Announcement

Collapse
No announcement yet.

Need to flatten thinwall pipe ends for structural use. Ideas on methods?

Collapse
X
 
  • Filter
  • Time
  • Show
Clear All
new posts

  • Bented
    replied
    Originally posted by JRouche View Post
    You prolly want to do it nice and clean but I have have great success with the vise. JR
    How does one control the offset with a vice?

    Leave a comment:


  • JRouche
    replied
    You prolly want to do it nice and clean but I have have great success with the vise. JR

    Leave a comment:


  • J Tiers
    replied
    Thanks,

    That's mostly what I figured, but no mandrel can be used, the pipe will be closed at both ends, which would trap any mandrel.

    Originally posted by The Metal Butcher View Post
    Arbor/hydraulic press?
    Naturlich....
    Last edited by J Tiers; 08-19-2020, 08:14 PM.

    Leave a comment:


  • Bented
    replied
    As mentioned above, build dies and a clamping device.
    As roughly pictured below, the tooling will take some tweaking in production.

    A clamping device that opens far enough to extract the finished part.
    An internal mandrel, this keeps the part of the work that needs to remain round from distorting, the mandrel is inserted before the press operation then extracted.
    An upper die and a lower die, in order to switch between flatening on the diameter and the center just change the lower die height. This requires a press that moves both dies at the same time or a holding device that moves with the upper die.
    Last edited by Bented; 08-19-2020, 08:42 PM.

    Leave a comment:


  • Astronowanabe
    replied
    If you take a hole saw or mill about the dia of the tube
    and cut a shallow angle notch in one (or both if centered) of the plates
    max depth at edge of press block about the hight of the tube off the surface of the flat
    you can get a nice compound curve bubble or crown leading to the flattened part that
    will not have that nasty stress riser you get with a straight line crimp.Click image for larger version  Name:	tube_flattener.png Views:	0 Size:	3.5 KB ID:	1893652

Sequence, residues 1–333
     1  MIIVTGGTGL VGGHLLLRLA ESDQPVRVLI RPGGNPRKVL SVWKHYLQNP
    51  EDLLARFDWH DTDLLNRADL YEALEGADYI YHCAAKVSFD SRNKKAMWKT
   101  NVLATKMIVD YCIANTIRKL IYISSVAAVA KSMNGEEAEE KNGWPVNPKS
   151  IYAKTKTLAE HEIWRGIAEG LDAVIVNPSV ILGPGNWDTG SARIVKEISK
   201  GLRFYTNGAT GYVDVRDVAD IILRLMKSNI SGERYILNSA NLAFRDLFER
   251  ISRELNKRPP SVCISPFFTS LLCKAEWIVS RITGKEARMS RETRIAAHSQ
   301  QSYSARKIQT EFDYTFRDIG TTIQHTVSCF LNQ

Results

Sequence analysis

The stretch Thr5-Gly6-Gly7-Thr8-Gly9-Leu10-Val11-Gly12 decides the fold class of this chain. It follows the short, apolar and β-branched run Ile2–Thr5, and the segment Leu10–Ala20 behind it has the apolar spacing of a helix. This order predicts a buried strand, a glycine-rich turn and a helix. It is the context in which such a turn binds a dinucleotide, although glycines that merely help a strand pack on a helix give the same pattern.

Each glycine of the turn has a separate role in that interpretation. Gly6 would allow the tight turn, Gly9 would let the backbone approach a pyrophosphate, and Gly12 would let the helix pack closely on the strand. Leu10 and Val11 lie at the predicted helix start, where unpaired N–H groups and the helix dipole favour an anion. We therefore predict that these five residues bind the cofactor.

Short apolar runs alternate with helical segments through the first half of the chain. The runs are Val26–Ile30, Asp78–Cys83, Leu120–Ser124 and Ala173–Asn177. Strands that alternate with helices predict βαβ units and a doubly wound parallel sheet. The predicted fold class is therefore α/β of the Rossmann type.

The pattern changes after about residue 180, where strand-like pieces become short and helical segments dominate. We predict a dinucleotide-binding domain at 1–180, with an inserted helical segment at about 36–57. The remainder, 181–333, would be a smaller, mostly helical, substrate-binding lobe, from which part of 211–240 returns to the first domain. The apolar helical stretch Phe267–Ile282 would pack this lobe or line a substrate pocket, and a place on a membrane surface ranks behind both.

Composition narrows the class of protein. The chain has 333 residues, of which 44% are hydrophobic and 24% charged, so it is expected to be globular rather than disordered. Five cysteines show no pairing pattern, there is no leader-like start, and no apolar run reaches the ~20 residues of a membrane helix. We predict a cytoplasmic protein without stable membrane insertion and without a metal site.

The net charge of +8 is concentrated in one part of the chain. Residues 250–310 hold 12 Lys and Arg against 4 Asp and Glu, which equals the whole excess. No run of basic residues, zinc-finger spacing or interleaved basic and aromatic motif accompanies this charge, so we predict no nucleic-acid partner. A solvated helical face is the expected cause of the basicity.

Last edited by Astronowanabe; 08-19-2020, 08:43 PM. Reason: oooh pictures

    Leave a comment:


  • darryl
    replied
    In a sense this is similar to a tubing notcher- something grips the tubing, then an operation is performed on the end. In this case you would need a top and bottom die to grip the tubing- probably clamped with a big C clamp- then a shoe to press with. The shoe would have a bend to allow the tubing to crush flat at the end, but with a consistent shape between the flat and the original round. A jig would allow you to position the bottom die and the shoe so the operation goes the same every time. It would be relatively easy to make the flat part line up with one side of the tube because the tube doesn't move as the bending is done. It's all in the holding jig.

    For a roughly centered tab you would still press the end, but with a top and bottom shoe in an alignment jig, and you hold the tubing by hand so it can move as the flattening is done.

    Leave a comment:


  • The Metal Butcher
    replied
    Arbor/hydraulic press?

    Leave a comment:


  • DaveR
    replied
    I had a need to do just this, with conduit, to make hangers for a shelf in the garage. I found a chunk of steel scrap that happened to already have a large radius on one edge. I sandwiched the end of the conduit between this and a larger flat piece in the hydraulic press, and the results were fine. You could probably use a sturdy vise in place of the press.

    Dave

    Leave a comment:


  • reggie_obe
    replied
    Like so: https://www.youtube.com/watch?v=g9Kr2tSTVew

    Leave a comment:


  • AntonLargiader
    replied
    For thinner stuff, if you can sleeve the tubing on the inside you will make a stronger end. Also, from examples I've seen before, a rounded or V-shaped die gives you a better transition from flat to round. I see this on all of the older motorcycle subframes I work with. Newer subframes tend to have welded-on lugs at the ends.

    Leave a comment:


  • Black Forest
    replied
    I built a lot of pipe panels with the ends flattened. I just made a tall jaw for a heavy duty vise I had. That put the flat on one side. For the centered flats I just used normal vise jaws.

    Leave a comment:


  • Need to flatten thinwall pipe ends for structural use. Ideas on methods?

    I am looking for the best way to flatten the end of thin wall pipe such as "conduit", (EMT). I need initially to flatten it so that the flat is in line not with the center, but to the OD, so that if laid down on a flat surface, the flat would be touching the surface along with the OD of the pipe.

    I figured to make a die to accomplish that, since I have had recurring needs for it. I will also want one that puts the flat on-center.

    Anyone have good tips on the method or the die?
Working...
X